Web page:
Europe's top human rights court is upholding France's headscarf ban in the case of a Muslim social worker who lost her hospital job because she would not remove her scarf.

The case decided Thursday dates to 2000, when Christiane Ebrahimian was working in the psychiatric department at a public hospital in Nanterre. She learned that her contract would not be renewed because patients had complained about her refusal to remove her headscarf. France's secular government bars public employees from displaying religious beliefs on the job — a ban that has since been extended to schoolchildren and even parents who want to accompany a class outing.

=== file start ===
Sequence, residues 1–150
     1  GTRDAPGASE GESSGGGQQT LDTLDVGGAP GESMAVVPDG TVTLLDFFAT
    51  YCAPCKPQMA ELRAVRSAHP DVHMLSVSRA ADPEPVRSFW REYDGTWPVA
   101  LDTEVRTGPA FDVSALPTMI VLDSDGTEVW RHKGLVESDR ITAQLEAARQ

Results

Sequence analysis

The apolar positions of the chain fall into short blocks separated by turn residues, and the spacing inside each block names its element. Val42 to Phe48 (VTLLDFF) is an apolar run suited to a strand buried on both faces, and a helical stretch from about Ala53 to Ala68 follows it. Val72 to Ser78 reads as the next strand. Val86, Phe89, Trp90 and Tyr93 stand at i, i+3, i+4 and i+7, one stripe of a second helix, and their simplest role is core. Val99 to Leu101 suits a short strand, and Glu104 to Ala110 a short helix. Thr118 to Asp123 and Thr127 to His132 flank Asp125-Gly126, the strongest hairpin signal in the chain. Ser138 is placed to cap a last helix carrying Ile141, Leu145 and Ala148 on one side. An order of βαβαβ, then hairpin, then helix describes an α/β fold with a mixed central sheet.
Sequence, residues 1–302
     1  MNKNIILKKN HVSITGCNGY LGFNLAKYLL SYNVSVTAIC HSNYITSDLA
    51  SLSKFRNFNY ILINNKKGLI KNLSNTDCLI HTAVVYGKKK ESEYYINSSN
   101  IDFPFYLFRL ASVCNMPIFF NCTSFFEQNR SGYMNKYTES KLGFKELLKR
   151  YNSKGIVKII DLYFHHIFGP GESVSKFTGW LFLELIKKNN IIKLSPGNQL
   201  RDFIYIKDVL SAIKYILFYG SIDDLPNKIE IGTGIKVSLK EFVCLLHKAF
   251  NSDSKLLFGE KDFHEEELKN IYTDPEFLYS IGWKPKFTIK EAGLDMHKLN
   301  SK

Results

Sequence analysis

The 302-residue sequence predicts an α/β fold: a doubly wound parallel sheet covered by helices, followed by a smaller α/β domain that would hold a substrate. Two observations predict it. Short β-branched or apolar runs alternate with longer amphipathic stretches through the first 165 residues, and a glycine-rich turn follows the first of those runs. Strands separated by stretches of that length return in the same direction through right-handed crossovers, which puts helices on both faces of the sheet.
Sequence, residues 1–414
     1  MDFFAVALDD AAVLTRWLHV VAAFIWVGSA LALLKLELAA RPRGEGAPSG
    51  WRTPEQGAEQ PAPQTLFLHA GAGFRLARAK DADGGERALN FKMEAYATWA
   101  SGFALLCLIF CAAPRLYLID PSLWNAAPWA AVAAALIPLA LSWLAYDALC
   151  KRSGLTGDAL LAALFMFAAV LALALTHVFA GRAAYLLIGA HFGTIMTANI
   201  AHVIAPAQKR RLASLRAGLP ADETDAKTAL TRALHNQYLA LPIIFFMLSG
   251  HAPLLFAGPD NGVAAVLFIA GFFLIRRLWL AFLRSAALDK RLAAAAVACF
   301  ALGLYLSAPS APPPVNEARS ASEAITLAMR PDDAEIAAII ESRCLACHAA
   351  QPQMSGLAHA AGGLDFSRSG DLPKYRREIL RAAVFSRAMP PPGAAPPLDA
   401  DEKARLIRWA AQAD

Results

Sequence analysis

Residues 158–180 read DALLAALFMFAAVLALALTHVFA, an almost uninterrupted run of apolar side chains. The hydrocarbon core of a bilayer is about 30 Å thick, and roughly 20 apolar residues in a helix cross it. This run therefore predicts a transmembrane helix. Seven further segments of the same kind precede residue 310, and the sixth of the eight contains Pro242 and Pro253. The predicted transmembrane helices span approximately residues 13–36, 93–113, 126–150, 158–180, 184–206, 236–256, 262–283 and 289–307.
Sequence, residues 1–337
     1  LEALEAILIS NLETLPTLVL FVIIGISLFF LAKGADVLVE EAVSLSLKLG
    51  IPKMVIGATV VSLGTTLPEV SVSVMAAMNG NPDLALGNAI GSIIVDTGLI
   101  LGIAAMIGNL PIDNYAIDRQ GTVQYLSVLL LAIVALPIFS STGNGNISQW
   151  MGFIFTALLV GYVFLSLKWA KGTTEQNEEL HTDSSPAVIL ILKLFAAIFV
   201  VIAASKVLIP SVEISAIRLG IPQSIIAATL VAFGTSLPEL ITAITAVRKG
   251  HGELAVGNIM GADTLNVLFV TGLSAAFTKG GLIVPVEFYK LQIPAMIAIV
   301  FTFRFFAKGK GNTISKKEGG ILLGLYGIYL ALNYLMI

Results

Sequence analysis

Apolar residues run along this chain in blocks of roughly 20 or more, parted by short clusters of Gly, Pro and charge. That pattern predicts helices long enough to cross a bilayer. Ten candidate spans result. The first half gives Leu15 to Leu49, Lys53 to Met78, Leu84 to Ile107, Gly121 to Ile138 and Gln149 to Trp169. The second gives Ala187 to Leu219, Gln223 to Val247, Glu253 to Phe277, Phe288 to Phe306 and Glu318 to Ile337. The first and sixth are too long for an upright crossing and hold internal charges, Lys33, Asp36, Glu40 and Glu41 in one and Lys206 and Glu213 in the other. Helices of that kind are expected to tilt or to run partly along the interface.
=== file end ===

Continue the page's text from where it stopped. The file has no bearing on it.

The headscarf ban, which formally became a law banning "conspicuous" religious symbols in 2004, opened a rift with France's Muslim community, the largest in Europe.